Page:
16 October 2019
Search for your ancestors overseas with our guide to three of the best free websites for your family history research
Many of our ancestors left their homeland for new lives across the world, especially in the era of British Empire, and tracing them can be difficult without the right know-how.
You can find out how to start tracing your family worldwide with professional genealogist Emma Jolly’s guide to the best online resources for your research, published in the December 2019 issue of Family Tree.
Searching for your overseas ancestors
Searching for ancestors outside of the borders of the United Kingdom and Ireland can be an overwhelming task, but we’ve got some great suggestions to help you get the ball rolling.
Why our ancestors travelled overseas – and how to find the records relating to them – is often not that simple. Some British ancestors were sent (or chose to travel) to parts of the British Empire. Although many of the records relating to them were created and / or retained in Britain, others are held overseas.
And what we understand today as the British Empire was not one formally controlled zone; it came into being gradually following the colonisation of the Americas in the 16th century. From this, Britain’s involvement in the transatlantic slave trade led to connections with countries in west and southern Africa.
Central to imperial expansion was India, the jewel in Britain’s crown. India’s natural resources, location on trade routes and vast population made it immensely valuable to Britain’s colonial intentions. Records were created differently across the colonies, dominions, and areas of imperial influence. These included areas as diverse as Burma, Malaya, Sarawak, Brunei, Oman, Iraq, Egypt, Libya, Canada, Australia, New Zealand, Papua New Guinea, Tonga, Fiji, Western Samoa, Sudan, Kenya, Uganda, South Africa, Swaziland, Nigeria, Gold Coast, Northern and Southern Rhodesia, Tanganyika, Zanzibar, Mauritius, the Maldives and Sierra Leone.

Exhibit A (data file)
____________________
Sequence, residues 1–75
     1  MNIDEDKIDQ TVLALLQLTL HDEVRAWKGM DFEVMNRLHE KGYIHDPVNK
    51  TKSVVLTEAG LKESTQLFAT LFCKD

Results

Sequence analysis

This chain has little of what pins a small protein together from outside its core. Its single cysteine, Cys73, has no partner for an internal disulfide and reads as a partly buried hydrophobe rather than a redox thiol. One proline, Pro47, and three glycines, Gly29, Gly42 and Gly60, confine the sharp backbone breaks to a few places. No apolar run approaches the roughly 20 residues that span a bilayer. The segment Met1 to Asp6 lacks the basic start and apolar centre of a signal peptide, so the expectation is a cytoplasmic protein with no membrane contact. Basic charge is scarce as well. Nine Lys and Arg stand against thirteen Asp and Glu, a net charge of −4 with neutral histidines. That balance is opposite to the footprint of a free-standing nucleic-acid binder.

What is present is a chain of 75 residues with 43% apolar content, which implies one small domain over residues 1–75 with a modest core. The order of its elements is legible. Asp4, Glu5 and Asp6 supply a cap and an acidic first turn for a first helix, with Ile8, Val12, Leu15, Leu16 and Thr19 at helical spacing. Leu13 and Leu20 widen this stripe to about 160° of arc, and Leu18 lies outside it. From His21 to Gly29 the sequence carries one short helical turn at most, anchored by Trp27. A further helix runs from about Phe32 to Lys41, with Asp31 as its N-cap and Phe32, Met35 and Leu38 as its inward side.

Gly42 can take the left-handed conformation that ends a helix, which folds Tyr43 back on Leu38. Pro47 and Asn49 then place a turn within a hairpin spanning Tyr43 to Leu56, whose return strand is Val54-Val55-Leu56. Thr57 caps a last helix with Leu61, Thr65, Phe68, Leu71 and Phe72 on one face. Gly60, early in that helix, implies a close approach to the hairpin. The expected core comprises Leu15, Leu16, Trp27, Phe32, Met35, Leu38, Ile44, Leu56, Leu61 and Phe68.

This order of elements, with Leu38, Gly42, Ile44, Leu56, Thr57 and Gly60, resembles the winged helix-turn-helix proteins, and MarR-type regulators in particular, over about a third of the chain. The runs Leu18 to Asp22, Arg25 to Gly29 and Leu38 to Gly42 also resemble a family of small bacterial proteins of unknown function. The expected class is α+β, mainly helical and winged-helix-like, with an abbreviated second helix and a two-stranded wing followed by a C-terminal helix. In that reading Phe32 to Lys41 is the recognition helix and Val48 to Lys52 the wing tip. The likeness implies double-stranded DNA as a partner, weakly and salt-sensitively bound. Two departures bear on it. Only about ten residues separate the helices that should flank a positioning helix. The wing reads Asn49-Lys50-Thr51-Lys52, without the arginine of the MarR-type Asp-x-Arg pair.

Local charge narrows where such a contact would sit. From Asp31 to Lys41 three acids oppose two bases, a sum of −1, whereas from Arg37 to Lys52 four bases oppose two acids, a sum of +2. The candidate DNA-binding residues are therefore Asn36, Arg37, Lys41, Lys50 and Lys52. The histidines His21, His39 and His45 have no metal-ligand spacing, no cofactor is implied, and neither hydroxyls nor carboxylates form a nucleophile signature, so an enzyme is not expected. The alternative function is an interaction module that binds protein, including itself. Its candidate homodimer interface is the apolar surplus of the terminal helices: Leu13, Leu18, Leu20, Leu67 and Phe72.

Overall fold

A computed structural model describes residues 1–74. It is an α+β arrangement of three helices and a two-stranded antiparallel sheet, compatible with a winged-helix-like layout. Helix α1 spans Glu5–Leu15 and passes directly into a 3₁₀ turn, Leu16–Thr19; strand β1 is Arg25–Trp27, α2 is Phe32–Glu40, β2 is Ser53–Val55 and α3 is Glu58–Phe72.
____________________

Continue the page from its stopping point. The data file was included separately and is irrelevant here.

Emma, who appeared in the 2019 series of BBC One’s Who Do You Think You Are? to tell Hollywood actor Kate Winslet about some of her ancestry, picked out 25 brilliant websites to help family history researchers delve further into the travels of their ancestors – and here we have selected three of our free favourites.
The website of the Families in British India Society (FIBIS) includes an essential database of over two million names alongside Wiki resources and an image gallery.
The website of the Library and Archives of Canada is the central archive for Canadian research.
Besides introductory guides to Canadian family history, it includes various databases and guides to topics such as the census, military, immigration and land.
The Caribbean Genealogy Resources portal provides details and links to resources of countries across the West Indies.
Discover more in Family Tree
You can read Emma’s full article in the December 2019 issue of Family Tree, on sale from 22 October 2019 in print and digital and available here, for websites covering ancestors in New Zealand, Australia, United States, China, Sri Lanka, Jamaica, Burma and more.
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Photograph shows emigrants to the US on board an Atlantic liner, c1906. Credit: Library of Congress Prints & Photographs Division, Washington DC, USA.